A collateralized debt obligation refers to a security backed by a diversified pool of one or more debt obligations.
Depending on the collateral, a collateralized debt obligation has the following types:
- Collateralized bond obligations: backed by corporate and emerging market bonds
- Collateralized loan obligations: backed by leveraged loans
- Structured finance CDOs: backed by ABS, RMBS, CMBS and other CDOs
- Synthetic CDOs: backed by credit default swaps.
Tranches of a CDO
A CDO is managed by a manager called collateral manager, which creates a CDO by issuing different tranches (senior, mezzanine and subordinated) of the CDO and invests the proceeds in different debt obligations.
The senior and mezzanine tranches attract investors who want to obtain exposure to debt obligations which they cannot purchase directly.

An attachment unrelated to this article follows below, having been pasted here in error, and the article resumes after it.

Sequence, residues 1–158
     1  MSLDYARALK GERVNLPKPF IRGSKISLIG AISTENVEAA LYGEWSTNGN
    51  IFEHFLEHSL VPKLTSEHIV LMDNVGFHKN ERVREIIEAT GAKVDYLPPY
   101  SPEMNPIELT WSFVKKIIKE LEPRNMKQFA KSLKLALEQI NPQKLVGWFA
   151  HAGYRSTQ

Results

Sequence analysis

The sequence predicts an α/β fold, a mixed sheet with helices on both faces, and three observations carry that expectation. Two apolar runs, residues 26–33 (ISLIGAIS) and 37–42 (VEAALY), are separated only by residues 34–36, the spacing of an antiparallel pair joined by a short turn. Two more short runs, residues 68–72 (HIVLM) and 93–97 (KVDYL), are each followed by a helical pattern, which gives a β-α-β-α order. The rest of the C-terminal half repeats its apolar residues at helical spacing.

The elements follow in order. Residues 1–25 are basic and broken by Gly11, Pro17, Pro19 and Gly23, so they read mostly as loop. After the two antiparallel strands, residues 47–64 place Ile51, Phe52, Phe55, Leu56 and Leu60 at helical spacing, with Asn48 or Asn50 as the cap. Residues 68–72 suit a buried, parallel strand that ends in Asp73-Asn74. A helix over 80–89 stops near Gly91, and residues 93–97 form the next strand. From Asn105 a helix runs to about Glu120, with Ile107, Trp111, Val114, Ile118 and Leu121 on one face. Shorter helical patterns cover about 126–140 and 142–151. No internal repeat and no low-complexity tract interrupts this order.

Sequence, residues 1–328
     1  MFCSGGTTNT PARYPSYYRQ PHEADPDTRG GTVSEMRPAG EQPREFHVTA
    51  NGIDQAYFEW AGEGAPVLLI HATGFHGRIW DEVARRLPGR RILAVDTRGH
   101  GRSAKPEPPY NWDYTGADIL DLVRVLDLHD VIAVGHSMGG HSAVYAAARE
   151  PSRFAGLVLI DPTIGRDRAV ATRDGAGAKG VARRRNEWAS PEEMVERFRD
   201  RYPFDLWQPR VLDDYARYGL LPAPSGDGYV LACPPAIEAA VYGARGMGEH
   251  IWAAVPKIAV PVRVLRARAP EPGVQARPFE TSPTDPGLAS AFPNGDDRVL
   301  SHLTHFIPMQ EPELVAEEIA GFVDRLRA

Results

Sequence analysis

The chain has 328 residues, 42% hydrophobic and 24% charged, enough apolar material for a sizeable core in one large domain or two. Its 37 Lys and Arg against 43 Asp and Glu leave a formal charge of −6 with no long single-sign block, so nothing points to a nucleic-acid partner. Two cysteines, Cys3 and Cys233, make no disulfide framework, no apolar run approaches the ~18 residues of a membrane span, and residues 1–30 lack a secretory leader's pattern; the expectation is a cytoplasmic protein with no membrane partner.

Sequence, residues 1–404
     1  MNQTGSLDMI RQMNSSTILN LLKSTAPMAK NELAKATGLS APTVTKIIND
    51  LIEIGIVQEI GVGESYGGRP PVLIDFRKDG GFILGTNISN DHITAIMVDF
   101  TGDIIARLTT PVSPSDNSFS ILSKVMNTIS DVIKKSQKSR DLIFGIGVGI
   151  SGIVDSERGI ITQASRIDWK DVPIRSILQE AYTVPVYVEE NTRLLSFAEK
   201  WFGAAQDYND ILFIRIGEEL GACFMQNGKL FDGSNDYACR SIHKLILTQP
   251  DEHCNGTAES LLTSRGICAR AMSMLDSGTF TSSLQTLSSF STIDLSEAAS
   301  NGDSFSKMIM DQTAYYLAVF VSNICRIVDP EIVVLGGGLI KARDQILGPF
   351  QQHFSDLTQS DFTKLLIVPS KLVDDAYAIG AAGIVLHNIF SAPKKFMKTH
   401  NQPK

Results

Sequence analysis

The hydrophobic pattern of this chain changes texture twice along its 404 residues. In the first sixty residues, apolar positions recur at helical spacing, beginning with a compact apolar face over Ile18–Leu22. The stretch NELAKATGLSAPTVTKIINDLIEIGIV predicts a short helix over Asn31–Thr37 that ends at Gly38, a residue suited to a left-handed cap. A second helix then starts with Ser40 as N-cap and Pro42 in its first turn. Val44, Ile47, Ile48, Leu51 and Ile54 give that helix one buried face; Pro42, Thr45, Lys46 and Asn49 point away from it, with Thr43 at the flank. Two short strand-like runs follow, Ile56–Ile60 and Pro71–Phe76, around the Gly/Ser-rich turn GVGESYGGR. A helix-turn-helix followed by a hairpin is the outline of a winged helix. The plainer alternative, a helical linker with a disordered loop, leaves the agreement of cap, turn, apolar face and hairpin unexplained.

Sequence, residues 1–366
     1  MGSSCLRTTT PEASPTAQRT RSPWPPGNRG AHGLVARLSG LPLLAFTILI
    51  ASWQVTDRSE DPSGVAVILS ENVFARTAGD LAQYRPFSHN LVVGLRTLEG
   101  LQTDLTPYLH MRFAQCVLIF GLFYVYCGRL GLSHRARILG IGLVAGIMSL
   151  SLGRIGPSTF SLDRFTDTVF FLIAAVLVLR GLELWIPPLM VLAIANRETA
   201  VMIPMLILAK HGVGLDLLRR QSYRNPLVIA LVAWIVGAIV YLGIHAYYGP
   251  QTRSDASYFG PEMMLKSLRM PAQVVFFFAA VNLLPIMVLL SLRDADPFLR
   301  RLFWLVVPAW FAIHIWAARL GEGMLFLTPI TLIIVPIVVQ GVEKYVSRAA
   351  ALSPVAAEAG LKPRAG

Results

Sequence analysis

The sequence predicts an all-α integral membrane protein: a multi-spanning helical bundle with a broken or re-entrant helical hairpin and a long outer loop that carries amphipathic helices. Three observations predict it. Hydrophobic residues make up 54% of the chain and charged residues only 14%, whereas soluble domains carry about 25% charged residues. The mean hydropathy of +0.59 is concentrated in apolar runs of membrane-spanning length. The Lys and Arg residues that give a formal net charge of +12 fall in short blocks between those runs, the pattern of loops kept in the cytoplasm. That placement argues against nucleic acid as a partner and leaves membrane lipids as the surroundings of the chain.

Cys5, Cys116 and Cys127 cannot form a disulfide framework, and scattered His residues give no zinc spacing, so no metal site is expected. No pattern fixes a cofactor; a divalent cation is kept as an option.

The subordinated tranche is also called residual/equity tranche because it has equity-like return characteristics. A CDO is effectively a highly-leveraged transaction from the perspective of the equity tranche.
Role of the collateral manager
The objective of the collateral manager is to earn a return higher than the cost of all classes and the CDO. He is subject to various tests and limits, failing which a provision triggers the return of principal to senior tranches which effectively de-levers the CDO. The cash flows made to the different bond classes come from interest payments on collateral, maturing collateral assets and sale of collateral assets.
Risks of a CDO
A CDO is not without risk: if the securities held as collateral default, the senior and mezzanine tranches may not receive the promised payments, the return may be less than expected and the equity tranche may be wiped out altogether. Further, the CDO manager needs to properly plan for the return of principal to the senior and mezzanine tranches.